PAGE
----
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Stock repurchase plans and COI.

An essential element of a tax-free reorganization is that there must be continuity of proprietary interest (COI) in the acquiring company. The purpose of this rule is to distinguish a taxable sale from a tax-free reorganization. Minnesota Tea Co., 296 US 378 (1935), and Pinellas Ice & Cold Storage Co., 287 US 462 (1933), established the principle that, to be a reorganization, the target shareholders must acquire an interest in an acquiring company that is "definite and material" and represents a substantial part of the transferred property's value. Thus, the COI requirement relates to the type of consideration received, the amount of qualifying consideration received and how long the target shareholders must retain the interest.

Interestingly, the Supreme Court never decided how long the target company shareholders were required to hold the interest they received, and the law on this issue is not clear. The courts have disagreed whether a reorganization occurred if shareholders had a pre-existing intention to dispose of the stock they received; compare McDonald's Restaurants of Illinois, Inc., 688 F2d 520 (7th Cir. 1982), and Penrod, 88 TC 1415 (1987). In Rev. Rul. 66-23, the IRS held that the receipt of stock subject to a court order to dispose of it within seven years satisfied the COI requirement, because the shareholders had complete discretion and control over the shares during the interim.

To bring certainty to the COI requirement and to prevent a buyer and seller from adopting inconsistent positions, the Service amended the reorganization regulations in 1998. In general, Regs. Sec. 1.368-1(e)(1)(i) now provides that the disposition of target stock prior to a reorganization or the disposition of the acquirer's stock after a reorganization, except to the acquiring corporation or related persons, will be disregarded. Rev. Rul. 66-23 was also declared obsolete.

Today, companies frequently have programs in which they repurchase their shares in the market from time to time. The existence of a repurchase program raises many questions when a company wants to engage in a tax-free reorganization. It is highly likely that the company will repurchase shares that it just issued in the reorganization. The Service considered a stock repurchase program in Regs. Sec. 1.3681 (e)(6), Example 8, which states that the repurchase program "was not created or modified in connection with the acquisition" and that the acquiring corporation purchased only a minor percentage of its stock in the market. The regulation concludes that the repurchase program does not violate the COI requirement, because "it was not in connection with the merger." While the example concludes that a repurchase plan will not invalidate a reorganization, it left many unanswered questions about the operation of a repurchase program.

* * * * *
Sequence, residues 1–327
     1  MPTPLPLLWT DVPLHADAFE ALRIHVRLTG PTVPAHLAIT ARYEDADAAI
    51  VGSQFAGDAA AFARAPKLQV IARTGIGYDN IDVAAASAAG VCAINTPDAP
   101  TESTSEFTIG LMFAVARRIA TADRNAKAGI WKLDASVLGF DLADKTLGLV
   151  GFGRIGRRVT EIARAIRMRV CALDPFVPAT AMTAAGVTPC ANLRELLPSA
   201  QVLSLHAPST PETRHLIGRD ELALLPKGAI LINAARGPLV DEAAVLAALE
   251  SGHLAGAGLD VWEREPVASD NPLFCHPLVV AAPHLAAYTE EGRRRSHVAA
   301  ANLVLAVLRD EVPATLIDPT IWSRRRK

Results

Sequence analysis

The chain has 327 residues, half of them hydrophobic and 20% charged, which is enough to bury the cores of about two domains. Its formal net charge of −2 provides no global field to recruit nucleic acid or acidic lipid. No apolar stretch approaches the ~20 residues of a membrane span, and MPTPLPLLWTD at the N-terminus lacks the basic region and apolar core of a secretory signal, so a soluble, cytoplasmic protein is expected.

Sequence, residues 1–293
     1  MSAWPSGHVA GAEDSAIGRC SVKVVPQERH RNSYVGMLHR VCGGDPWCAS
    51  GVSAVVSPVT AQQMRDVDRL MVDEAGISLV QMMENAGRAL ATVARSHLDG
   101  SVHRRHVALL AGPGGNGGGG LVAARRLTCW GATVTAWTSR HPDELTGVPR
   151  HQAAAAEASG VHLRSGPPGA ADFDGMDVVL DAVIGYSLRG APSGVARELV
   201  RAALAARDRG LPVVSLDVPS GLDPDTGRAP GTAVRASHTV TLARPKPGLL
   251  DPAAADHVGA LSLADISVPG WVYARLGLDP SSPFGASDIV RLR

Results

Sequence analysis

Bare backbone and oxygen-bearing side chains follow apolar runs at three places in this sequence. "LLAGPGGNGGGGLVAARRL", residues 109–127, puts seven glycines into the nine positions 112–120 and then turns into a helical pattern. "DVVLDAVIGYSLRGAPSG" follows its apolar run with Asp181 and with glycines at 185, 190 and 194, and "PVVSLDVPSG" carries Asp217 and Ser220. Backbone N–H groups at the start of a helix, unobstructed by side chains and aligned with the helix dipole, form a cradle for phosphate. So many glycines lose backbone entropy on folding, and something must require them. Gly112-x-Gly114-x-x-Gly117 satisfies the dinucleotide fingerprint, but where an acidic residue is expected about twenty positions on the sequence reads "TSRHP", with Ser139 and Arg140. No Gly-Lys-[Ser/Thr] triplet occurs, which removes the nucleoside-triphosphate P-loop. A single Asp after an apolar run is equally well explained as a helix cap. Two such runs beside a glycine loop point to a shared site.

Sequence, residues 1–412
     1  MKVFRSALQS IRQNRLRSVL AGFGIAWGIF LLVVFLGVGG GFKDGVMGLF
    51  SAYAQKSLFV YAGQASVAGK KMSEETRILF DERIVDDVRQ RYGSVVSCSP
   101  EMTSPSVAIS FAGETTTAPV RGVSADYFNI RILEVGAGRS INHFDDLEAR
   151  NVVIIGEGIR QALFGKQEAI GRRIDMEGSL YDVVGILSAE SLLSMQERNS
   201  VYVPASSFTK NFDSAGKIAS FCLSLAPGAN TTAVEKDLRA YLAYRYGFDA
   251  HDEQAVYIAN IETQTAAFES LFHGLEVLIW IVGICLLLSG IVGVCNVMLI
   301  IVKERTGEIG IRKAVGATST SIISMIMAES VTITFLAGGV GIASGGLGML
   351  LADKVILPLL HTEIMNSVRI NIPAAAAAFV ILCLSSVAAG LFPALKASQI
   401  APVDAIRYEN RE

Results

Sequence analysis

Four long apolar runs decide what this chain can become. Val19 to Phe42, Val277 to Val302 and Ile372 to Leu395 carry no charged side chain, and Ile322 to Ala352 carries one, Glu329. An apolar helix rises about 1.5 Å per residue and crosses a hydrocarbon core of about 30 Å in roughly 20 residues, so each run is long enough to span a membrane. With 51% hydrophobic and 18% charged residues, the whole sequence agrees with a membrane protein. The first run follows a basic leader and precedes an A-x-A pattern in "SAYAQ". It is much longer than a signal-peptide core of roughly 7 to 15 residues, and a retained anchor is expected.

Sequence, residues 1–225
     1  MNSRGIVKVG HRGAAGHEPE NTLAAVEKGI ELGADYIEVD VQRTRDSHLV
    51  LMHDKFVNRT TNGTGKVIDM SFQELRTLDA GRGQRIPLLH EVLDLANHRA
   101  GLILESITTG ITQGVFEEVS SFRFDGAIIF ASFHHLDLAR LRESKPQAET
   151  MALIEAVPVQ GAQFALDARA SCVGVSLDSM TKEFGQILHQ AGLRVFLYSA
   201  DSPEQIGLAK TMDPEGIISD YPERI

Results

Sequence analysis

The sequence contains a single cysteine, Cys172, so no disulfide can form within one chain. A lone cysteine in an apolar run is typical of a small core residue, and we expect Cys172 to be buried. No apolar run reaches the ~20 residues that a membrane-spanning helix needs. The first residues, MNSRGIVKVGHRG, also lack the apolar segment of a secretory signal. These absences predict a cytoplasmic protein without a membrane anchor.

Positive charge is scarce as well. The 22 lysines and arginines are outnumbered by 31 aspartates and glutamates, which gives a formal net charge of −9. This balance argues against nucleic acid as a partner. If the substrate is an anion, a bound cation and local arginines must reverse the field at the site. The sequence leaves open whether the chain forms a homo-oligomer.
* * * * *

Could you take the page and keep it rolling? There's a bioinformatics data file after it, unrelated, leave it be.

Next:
The IRS issued much-needed clarification in Rev. Rul. 99-58. In the ruling, the acquiring company, whose stock was widely held and publicly traded, had a stock repurchase plan in effect before engaging in a reorganization. Because it was concerned about the dilution resulting from the issuance of additional shares in the reorganization, it amended the repurchase plan to increase the number of shares it would repurchase to include the number of shares issued in the reorganization. However, the number of shares repurchased would not exceed the number of shares outstanding before the merger. The repurchases were made by a broker on the open market. Because of the mechanics of an open-market transaction, a purchaser and seller of a share do not know the other's identity.

Rev. Rul. 99-58 considered whether the repurchase plan violated the COI requirement, because the acquiring company might repurchase shares that had been issued to a target shareholder. The ruling concluded that the repurchase of shares on the open market through a broker has no effect on the COI requirement. This was based on the fact that there was no understanding between the acquiring company and the target shareholders that their holding of the acquiring company's stock would be transitory. In addition, because the purchases were in the market, the program did not favor participation by the target shareholders. Further, because of the market purchases, the Service rejected the notion of tracing the seller and purchaser.

This ruling clarifies the regulations in several important aspects. First, the acquiring company is not restricted to repurchasing a small percentage of its stock, but can repurchase the number of shares issued in the reorganization. Further, it can amend an existing plan to increase the number of shares to be repurchased. Previously, the regulations applied only to an existing plan.

The ruling does not state whether a company can adopt a repurchase plan at the time of (or after) a reorganization, and whether there is any limit on the number of shares that can be repurchased. In comments at the annual meeting of the Tax Section of the New York State Bar Association on Jan. 25, 2000, a Treasury representative stated the repurchase plan could be a newly adopted plan. Further, he indicated that the company could not repurchase more shares than were outstanding before the reorganization, because this would establish that some of the shares issued in the reorganization were reacquired by the company.

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Title Annotation:continuity of shareholder interest
Author:Luchs, Lorin D.
Publication:The Tax Adviser
Geographic Code:1USA
Date:May 1, 2000
Previous Article:Distinctions between state law mergers and tax-free reorganizations.
Next Article:Noncompete agreement entered into contemporaneously with stock redemption.

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